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10-meter SATCOM antenna


Teleport antennas


Worker near satellite antenna feed horn


SNG truck


Waveguide junctions


Rooftop 4.6-meter SATCOM antenna


Pair of 9.3-meter satellite antennas

Satellite-Uplink Antennas

There are few antennas that cause more concern than satellite transmission antennas. The large antennas are frightening to the public, and the high gain of large satellite antennas often causes concern with professionals.

Antennas that simply receive energy from satellites and cannot transmit are referred to as “receive only” (RO) antennas and can never be an RF safety concern. Satellite antennas used to transmit energy to the satellites, or “uplink” the signal, are potential RF safety hazards. Some very high-power, large aperture satellite antennas and small satellite antennas can have very high field levels in the main beam, but most larger earth stations have relatively low RF field levels in the main beam. Satellite antennas do not have significant energy outside the cylindrical beam of energy formed by the antenna.

False Sense of Security

Unfortunately, it is not uncommon to have self-proclaimed—but uneducated—experts make measurements around satellite-uplink antennas. When they find insignificant RF field levels on the ground, they declare the site “compliant,” and people are led to believe that there is nothing to worry about. You might also see reports that focus on some very low-level RF fields found on the ground. Invariably, these are not true RF field levels but measurement artifacts caused by zero drift in the survey system. See Measurement Artifacts. The main point, which is almost always missed, is that the real risk is to the maintenance staff working on the antennas.

RF Safety Hazards with Satellite-Uplink Antennas

For the majority of satellite antennas, the only RF safety hazards are for maintenance personnel. There are two scenarios in which maintenance personnel could be exposed to excessive levels of RF energy near a satellite-uplink antenna even though the RF field level in the main beam may not be a concern.

The RF energy coming out of the feed horn and, in Cassegrain design antennas, between the feed horn and the subreflector, is extremely concentrated because the energy has not been distributed over the large area of the antenna reflector. Should a person go into this area while the system is transmitting, he or she would be exposed to RF field levels in orders of magnitude above recognized RF safety standards.

Waveguide transmission line leaks can occur at any time. Workers must be concerned with leaks in the waveguide if their faces get very close to the site of the leak. The greatest concern over waveguide leaks is the potential for eye damage. The eyes are especially vulnerable to the high levels of RF energy that can be present very close to a leak site. Flexible waveguide, which is used with most satellite antennas, is especially prone to developing leaks. A leak of as little as 15 Watts can result in an RF field level that is 10 times the FCC’s MPE limit for Occupational/Controlled exposure. Medical journals have reported that exposure to RF field levels of this magnitude for as little as 10 minutes can result in the formation of cataracts in the eye.

Analyzing Satellite-Uplink Antennas

Reflector antennas such as satellite-uplink antennas can be analyzed with confidence. The resultant calculations are inherently conservative and result in higher values than actual measurements since the calculations are based on the maximum possible energy level rather than the average level.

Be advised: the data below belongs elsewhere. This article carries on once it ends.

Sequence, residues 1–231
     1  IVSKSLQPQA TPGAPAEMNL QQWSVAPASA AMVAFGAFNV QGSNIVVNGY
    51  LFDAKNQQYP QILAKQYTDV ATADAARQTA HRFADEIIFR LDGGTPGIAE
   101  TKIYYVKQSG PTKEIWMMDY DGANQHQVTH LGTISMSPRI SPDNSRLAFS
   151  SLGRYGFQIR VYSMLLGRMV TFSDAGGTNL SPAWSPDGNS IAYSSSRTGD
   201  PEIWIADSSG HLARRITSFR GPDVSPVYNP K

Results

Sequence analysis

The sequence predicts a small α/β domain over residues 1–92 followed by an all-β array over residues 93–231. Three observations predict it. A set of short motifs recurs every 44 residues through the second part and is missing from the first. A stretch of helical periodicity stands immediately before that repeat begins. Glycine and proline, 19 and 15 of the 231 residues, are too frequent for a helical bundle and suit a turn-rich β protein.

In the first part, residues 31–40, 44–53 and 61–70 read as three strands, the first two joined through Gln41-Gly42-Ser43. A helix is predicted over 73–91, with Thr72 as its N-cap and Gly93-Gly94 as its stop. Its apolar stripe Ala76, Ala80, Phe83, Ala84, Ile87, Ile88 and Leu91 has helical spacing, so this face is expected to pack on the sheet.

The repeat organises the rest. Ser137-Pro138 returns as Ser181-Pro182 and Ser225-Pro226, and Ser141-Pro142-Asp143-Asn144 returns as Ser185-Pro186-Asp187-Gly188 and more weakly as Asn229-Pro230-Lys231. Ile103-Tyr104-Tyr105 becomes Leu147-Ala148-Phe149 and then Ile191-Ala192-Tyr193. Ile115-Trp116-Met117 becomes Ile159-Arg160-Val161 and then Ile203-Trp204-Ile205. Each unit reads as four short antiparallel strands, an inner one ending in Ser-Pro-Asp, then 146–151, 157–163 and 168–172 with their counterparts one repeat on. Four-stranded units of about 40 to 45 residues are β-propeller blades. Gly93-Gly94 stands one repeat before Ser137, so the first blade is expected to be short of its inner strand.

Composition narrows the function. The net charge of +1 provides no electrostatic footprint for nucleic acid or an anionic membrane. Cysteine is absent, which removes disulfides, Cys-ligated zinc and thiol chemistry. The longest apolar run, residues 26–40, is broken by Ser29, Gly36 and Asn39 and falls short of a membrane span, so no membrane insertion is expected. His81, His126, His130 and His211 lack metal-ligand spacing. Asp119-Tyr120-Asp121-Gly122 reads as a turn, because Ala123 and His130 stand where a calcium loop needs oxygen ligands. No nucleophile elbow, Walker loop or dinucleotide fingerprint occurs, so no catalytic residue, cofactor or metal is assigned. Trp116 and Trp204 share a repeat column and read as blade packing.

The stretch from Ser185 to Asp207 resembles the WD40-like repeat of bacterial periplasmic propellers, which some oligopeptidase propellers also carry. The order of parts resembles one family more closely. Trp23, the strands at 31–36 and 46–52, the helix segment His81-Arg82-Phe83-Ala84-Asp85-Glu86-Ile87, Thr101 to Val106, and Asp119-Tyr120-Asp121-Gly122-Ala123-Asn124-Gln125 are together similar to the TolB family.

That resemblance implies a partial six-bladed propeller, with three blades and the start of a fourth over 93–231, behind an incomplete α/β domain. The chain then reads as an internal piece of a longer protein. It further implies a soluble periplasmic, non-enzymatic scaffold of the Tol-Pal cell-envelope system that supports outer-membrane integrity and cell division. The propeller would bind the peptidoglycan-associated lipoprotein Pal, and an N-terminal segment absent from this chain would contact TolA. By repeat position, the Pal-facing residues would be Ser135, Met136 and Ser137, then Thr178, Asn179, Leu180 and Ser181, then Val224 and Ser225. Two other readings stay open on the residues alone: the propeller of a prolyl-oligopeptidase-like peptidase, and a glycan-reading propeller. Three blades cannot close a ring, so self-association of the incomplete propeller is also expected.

With these antennas, all the energy is confined to a cylindrical beam. Energy starts at a focal point in a manner similar to a bulb in a flashlight and reflects off the antenna reflector. The intensity of the energy in this beam depends primarily on two factors—the amount of energy fed into the antenna and the size of the antenna. Although larger diameter antennas have a higher gain—a measure of how efficiently the energy in the beam can be focused in the distance—from an RF safety perspective, the smaller the antenna, the greater the concern. This is because gain does not become a factor for several hundred feet from the antenna. For satellite antennas, gain begins to come into play hundreds of feet above the ground since the antennas are all pointed upward toward satellites in orbit above Earth’s equator. When you are close enough to a satellite antenna to get into the beam, the energy level or energy density depends on the size of the antenna. The smaller the diameter of the antenna is, the smaller the beam is. The smaller the beam is, the greater the energy density becomes since the energy is distributed over a smaller area. A simple analogy is to adjust a spotlight from a broad beam to a much smaller, brighter spot of light. It is important to understand that the only RF safety concerns are for individuals who get into the cylindrical beam of energy. While technically there is a very small amount of energy outside the cylindrical beam, it can be safely ignored because even the energy level very close to the beam is an extremely small fraction of the level inside of it.

RF Safety Solutions often analyzes satellite-uplink facilities using FCC-recommended and approved methodology and provides a comprehensive, easy-to-read report without any need to visit the site. This approach requires the client to take pictures and gather some information about the antennas. It yields essentially the same results as an on-site survey (without a check for leaks) at a significantly lower cost. Since leaks can occur at any time, a one-time survey would simply provide information on the conditions at a particular point in time. Leaks can then be addressed in other ways.

Contact RF Safety Solutions to discuss your facility.